There are few animals as iconic as the African lion. Nicknamed “King of the Jungle” and synonymous with pride, bravery, and strength, the lion has been ingrained in our culture for countless decades. But like many revered animals, the true nature and behavior of the African lion is often misunderstood. With Celebrate Lions Day coming up at the Zoo on Saturday, April 15, here are some interesting facts about these spectacular cats and their importance in maintaining a healthy ecosystem in Africa.
In Africa, lions are apex predators and the largest predatory cat roaming the continent. They are the only truly social cat living in family groups called “prides” composed of adult females, juveniles, cubs, and typically one adult male. These family ties are beneficial to the pride by turning hunting into a coordinated effort increasing the likelihood of making a successful kill. Lions will often target the old, weak, and sick individuals in a herd leaving only the healthiest individuals to reproduce.
Despite their impressive hunting skills and social living groups, lions face a multitude of threats including loss of habitat, trophy and retaliation hunting, and the introduction of diseases from domestic cattle. Without lions, prey species populations experience unchecked growth that can create problems for other animals and humans alike. When lions are protected, they keep herbivore and smaller predator species in check and provide residents with opportunities for income through eco-tourism.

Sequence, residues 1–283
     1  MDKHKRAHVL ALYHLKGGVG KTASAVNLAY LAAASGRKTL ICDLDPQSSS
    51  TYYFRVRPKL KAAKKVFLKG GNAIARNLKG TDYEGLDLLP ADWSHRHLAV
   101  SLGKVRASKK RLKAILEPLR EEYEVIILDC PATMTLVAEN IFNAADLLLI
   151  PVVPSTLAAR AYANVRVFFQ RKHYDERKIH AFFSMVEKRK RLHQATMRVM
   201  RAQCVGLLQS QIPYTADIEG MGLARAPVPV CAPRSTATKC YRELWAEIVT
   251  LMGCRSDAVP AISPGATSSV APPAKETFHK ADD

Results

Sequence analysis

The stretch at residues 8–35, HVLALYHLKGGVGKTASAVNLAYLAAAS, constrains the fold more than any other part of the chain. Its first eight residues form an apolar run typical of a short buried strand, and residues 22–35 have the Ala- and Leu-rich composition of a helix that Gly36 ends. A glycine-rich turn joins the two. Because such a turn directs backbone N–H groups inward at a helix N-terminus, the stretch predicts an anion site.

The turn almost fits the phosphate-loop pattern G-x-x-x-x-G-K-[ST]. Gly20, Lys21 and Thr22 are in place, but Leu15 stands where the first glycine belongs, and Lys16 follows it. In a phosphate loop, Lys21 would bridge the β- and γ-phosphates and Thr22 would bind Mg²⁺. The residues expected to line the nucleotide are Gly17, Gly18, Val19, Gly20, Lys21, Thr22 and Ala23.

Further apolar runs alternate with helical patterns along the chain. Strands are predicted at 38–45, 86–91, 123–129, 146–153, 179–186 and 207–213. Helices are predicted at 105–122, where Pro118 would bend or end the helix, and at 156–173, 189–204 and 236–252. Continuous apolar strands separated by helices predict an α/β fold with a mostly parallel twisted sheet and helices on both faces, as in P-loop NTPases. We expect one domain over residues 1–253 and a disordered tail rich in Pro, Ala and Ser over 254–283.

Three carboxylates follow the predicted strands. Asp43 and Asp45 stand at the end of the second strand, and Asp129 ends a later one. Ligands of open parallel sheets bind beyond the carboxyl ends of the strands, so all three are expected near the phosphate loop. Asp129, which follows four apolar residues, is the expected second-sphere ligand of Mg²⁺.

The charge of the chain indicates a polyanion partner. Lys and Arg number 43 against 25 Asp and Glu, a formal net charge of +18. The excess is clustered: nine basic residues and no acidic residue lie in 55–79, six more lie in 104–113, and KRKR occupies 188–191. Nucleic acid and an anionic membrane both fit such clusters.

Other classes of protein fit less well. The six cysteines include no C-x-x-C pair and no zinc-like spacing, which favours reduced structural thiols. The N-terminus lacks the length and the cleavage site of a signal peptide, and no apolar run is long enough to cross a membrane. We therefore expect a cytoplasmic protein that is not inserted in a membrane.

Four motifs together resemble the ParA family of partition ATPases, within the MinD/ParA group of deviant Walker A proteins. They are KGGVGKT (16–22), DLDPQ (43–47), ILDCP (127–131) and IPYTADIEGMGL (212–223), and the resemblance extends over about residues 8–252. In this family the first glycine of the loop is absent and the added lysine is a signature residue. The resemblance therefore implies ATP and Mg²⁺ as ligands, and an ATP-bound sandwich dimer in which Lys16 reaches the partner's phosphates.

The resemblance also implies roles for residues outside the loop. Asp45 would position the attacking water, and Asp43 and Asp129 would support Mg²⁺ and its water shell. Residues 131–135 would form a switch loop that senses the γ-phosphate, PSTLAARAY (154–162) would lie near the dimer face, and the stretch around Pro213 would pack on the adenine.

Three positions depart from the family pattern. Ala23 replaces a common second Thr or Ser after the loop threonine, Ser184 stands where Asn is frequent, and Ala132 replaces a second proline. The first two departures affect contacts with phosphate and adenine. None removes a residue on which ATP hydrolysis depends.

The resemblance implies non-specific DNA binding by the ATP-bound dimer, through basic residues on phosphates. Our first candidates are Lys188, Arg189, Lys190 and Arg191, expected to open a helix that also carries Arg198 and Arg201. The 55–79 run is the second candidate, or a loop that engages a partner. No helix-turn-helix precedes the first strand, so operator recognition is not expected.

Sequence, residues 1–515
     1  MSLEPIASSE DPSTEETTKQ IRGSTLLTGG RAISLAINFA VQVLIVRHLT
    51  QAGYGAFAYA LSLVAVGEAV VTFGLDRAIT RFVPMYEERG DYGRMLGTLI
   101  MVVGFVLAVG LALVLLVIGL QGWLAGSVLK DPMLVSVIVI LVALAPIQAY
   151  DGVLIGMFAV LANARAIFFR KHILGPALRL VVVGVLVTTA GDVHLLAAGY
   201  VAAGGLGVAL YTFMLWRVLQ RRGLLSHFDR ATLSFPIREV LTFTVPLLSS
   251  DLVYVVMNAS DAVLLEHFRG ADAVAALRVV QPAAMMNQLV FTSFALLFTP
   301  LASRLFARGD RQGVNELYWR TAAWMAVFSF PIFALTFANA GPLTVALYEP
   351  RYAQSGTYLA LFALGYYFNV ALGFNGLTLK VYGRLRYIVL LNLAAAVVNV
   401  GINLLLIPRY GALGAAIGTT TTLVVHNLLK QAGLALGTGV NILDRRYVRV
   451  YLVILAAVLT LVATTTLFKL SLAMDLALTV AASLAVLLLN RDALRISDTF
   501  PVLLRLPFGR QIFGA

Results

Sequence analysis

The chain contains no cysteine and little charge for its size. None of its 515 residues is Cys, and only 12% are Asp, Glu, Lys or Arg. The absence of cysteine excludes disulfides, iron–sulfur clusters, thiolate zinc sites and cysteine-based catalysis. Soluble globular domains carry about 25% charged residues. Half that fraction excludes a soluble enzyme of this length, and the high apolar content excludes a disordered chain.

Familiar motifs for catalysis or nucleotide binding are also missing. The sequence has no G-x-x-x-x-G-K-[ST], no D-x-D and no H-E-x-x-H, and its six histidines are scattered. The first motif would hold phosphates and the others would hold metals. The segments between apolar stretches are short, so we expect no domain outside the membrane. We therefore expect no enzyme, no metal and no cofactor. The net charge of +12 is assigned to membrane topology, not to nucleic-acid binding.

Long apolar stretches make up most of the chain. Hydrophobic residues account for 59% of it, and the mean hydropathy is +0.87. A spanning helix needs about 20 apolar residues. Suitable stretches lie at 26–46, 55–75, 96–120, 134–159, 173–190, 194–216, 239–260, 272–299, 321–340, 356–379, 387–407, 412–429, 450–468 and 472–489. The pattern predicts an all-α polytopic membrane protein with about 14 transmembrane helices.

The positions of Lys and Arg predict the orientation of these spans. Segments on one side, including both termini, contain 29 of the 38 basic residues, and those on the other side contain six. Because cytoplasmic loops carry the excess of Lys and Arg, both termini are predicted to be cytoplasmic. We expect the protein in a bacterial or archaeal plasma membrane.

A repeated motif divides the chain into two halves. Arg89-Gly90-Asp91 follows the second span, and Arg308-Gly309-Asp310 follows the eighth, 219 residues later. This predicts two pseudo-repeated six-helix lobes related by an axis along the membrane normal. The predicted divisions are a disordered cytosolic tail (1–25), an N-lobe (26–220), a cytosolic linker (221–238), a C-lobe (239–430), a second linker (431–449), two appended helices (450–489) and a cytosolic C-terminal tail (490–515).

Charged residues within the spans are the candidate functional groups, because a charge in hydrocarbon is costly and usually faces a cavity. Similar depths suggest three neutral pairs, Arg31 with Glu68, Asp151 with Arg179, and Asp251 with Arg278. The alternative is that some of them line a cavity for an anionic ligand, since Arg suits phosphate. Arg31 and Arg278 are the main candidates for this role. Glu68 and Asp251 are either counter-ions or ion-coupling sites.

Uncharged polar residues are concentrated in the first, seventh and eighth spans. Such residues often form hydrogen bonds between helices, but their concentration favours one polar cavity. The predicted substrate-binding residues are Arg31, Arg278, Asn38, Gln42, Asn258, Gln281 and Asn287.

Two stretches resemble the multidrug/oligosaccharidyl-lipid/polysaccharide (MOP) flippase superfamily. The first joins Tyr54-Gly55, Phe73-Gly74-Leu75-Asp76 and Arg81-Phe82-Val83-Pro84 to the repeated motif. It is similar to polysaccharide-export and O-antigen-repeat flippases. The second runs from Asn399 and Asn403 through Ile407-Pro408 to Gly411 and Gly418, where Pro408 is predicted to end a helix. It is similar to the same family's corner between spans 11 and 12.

Our Zoo is home to three adult African lions: Chester, Zuri, and Asha. The three have lived together since coming to the Zoo in 2012 for the opening of A Step Into Africa. A lot goes into caring for these intelligent animals. As one of their keepers, I am responsible for providing them with stimulating enrichment. Lions have an incredible sense of smell and enjoy searching for the spices, perfumes, and even elephant droppings that may be hidden on exhibit.
Training is also a large component of their care. Almost every day I sit down with the lions (on the opposite side of the mesh, of course!) and work on training them to do behaviors that allow them to take an active role in their own healthcare. Important behaviors include showing me their paws and opening their mouths for visual inspections. The vet staff also comes down to help with voluntary vaccinations and radiographs. When the lion performs the correct behavior, they are rewarded with a meatball or other meaty treat. This way, they associate physical exams with receiving rewards and their relationship with the animal care staff is strengthened.
I hope that this year’s Celebrate Lions Day will give people a new appreciation for the Zoo’s lions and their counterparts in Africa. Chester, Zuri, and Asha are ambassadors for their species, and I encourage you to take some extra time during your visit to stop at the various stations to learn more about their adaptations, care, and conservation.
— James Weinpress, Zoo Keeper